1. Paul Sietsema’s “Four Works” at Mercer Union during Art Spin and the Images Festival
I saw Sietsema’s exhibition in April during a chilly Art Spin coinciding with the Images Festival. Art Spin, a gallery tour that can draw hundreds of art-curious Toronto cyclists, could have been a disastrous context for viewing his work, which requires some poring-over. But our small group, with the help of a tour by curator Sarah Robayo Sheridan, was given the time and tools necessary for deciphering it. I returned repeatedly to Untitled figure ground study (New York Times), a meticulous, realistic drawing of a newspaper open to Roberta Smith’s review of Sietsema’s 2003 MoMA exhibition. Subtly adjusting the surrounding photographs, Sietsema comments obliquely on the state of mega-collecting, and he provides a final obfuscation in the form of a seemingly haphazard splotch of enamel that drips down the page.
That Art Spin tour was also my first opportunity to see a film from Wael Shawky’s Cabaret Crusades at MOCCA. These films (two were also shown at AGYU this fall) are masterful works of historical research and important correctives to Western narratives of the Crusades.
Art Spin’s collaboration with commercial galleries, collector-run spaces, and artist-run centres reminds us that public outreach doesn’t always mean “getting groups of schoolchildren through major-museum doors,” and it evinces the potential for exuberance and exploration in any art scene. Sietsema’s exhibition was an fitting tour stop, too—aware and critical of the circumstances and communities which have enabled his artistic production, Sietsema links artists, writers, viewers and galleries, inviting slow processing of the mechanisms of art-world legitimacy, consumption and production.
2. “Land/Slide: Possible Futures” at the Markham Museum
“Land|Slide” is an exhibition and a model for curation that has not left my mind since it opened in September. When Janine Marchessault invited artists to intervene in the Markham Museum, which includes a variety of historical buildings, she also invited them to imagine the future of a suburb whose rapid growth calls for consideration of sustainability and community.
Initially, projects by Terrance Houle, Maria Hupfield, and the collective of Lisa Myers, Sean Martindale, and Yvan MacKinnon stood out for me. Since then, I’ve been haunted by many works. Deirdre Logue’s Euphoria’s Hiccups, a video project and garden installation on healing and trauma staged around the museum’s Honey House, continues to resonate with me in meditations on site-specific work. Frank Havermans’s levers and pulleys in the Strickler Barn evoked wonder at the inexorable presence of technology—the kind that slickly governs my daily interactions as well as the antiquated, clunky kind in the barn. Julie Nagam’s singing our bones home, an homage to the Markham Ossuary, invited slow observance and careful listening inside a sculptural wigwam. On its bed of pine needles, I watched a spectral landscape come into view, shifting and sounding around my huddled body.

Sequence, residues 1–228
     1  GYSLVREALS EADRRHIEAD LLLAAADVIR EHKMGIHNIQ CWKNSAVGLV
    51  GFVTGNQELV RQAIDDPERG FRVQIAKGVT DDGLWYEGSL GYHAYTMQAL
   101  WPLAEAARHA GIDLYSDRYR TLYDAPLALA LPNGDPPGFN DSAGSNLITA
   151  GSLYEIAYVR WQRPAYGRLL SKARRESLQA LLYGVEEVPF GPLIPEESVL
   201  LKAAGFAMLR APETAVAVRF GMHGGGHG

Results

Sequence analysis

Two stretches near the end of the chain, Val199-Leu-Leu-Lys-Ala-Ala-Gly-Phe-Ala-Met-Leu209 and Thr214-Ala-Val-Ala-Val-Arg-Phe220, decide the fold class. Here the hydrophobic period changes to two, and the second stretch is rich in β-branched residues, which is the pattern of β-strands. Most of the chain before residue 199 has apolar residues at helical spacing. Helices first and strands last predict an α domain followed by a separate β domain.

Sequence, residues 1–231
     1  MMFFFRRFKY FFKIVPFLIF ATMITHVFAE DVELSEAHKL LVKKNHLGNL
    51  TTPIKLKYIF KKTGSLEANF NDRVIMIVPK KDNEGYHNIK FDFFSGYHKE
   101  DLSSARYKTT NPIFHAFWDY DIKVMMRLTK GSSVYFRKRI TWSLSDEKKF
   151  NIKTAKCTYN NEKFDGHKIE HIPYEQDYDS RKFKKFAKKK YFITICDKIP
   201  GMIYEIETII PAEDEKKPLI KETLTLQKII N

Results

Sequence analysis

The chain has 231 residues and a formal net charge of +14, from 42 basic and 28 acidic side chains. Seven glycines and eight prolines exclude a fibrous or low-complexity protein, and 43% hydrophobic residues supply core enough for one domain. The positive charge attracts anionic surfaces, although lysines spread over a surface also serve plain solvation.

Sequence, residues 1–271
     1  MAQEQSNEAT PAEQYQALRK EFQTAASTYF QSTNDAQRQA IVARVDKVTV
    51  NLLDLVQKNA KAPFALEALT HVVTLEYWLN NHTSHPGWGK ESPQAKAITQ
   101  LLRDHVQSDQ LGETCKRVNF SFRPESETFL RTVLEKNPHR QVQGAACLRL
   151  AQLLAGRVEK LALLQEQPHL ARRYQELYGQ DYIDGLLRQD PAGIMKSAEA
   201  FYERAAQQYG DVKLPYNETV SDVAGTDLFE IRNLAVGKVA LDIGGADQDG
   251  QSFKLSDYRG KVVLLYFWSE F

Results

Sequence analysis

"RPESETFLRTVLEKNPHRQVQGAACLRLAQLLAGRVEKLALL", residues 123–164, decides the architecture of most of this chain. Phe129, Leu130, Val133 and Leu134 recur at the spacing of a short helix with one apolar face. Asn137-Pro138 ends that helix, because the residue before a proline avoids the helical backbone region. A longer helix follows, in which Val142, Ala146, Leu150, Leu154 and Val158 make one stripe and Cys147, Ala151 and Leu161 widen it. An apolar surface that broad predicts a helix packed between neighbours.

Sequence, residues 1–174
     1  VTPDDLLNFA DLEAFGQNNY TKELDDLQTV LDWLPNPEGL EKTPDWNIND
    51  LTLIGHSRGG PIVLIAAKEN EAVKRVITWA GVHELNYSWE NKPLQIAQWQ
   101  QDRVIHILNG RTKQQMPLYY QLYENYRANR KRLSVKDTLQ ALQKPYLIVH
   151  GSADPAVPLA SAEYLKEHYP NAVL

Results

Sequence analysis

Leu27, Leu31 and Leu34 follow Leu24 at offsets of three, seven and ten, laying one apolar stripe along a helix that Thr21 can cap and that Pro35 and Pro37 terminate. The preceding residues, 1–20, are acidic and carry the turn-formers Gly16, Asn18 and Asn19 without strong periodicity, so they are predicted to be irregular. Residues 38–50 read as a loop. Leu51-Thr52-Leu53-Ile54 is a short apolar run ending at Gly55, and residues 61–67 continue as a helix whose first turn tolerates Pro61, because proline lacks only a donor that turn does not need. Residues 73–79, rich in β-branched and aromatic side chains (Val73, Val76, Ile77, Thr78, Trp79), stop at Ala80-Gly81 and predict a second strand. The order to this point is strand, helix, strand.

These projects invited immersion—not only in the works themselves, but in the history of the site, as if Marchessault were collaborating with ghosts. “Land|Slide” integrated transparent layers of history, one atop the other, allowing us to see what lies beneath, and also allowing the possibility that these minor transformations might linger with us.
3. Cynthia Girard’s “À mes amies les licornes” at Parisian Laundry
“Bleak” might be one word defining 2013, with setbacks to gay rights in India and Australia, increasing precarity in Canadian arts funding, and ongoing struggles for environmental protection worldwide. But in a reassuring, whimsical evocation of revolutionary dreamscapes, Girard’s fall exhibition took the unicorn as a (surprisingly effective) metaphor for utopian visioning—one representing naïve hope and activist striving, watchdogging, and killjoying. I felt an easy kinship with these figures’ ambivalent relationships to emancipatory futures.
In the show, scaffold-like structures supported large, heavily patterned paintings, hand-made textiles and found tapestries. Many produced retro, Op Art-like figure-ground illusions and reflected on the aesthetic vernacular of revolutionary ideas. Recognizable figures and tropes of revolution included sweetened versions of the French revolutionary excess embodied by the Marquis de Sade, as well as symbolic, austere portraits of Martin Luther King. Girard’s objects both question and endear themselves to revolutionary symbolism, creating bizarre equivalencies—nightstick, phallus, horn—and cultivating mythical dreaming alongside contemporary critique.
Girard’s invitation to some artist collaborators extended playfulness to dealing seriously with revolution. The show included perplexing paintings on mirror foil and cardboard by Henry Klein and underground-press-tinged zine work by Julie Doucet. David Altmejd provided an upside-down, hollow-eyed head of a human-turned-unicorn, while a film by Groupe Épopée documented some kind of uprising—perhaps an amalgam of various struggles in the Montreal region, recent student tuition protests included.
As this year draws to a close, the cynic in me finds a strange kind of comfort in Girard’s unicorns; they feel like allies in facing what lies ahead.
Alison Cooley is an intern at Canadian Art.